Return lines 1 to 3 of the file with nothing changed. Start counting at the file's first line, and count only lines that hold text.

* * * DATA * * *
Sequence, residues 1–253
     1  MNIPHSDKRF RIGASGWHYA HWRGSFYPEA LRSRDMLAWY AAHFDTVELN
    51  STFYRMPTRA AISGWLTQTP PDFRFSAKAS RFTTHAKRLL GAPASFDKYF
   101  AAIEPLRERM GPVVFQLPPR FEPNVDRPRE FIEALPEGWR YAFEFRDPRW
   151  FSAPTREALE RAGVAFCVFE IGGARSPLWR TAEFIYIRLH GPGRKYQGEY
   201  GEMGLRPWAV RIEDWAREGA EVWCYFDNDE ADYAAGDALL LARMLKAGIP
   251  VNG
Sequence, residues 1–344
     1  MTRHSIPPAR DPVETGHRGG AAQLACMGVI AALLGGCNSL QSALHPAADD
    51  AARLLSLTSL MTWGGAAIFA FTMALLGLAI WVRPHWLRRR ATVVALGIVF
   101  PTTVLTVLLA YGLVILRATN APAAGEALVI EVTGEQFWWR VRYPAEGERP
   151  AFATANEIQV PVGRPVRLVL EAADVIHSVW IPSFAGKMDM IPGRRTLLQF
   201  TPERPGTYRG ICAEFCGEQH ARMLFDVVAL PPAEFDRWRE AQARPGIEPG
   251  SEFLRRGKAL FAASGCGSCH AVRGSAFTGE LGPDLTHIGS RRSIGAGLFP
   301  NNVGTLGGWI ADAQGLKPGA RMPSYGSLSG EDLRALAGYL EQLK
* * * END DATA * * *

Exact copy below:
Sequence, residues 1–253
     1  MNIPHSDKRF RIGASGWHYA HWRGSFYPEA LRSRDMLAWY AAHFDTVELN
    51  STFYRMPTRA AISGWLTQTP PDFRFSAKAS RFTTHAKRLL GAPASFDKYF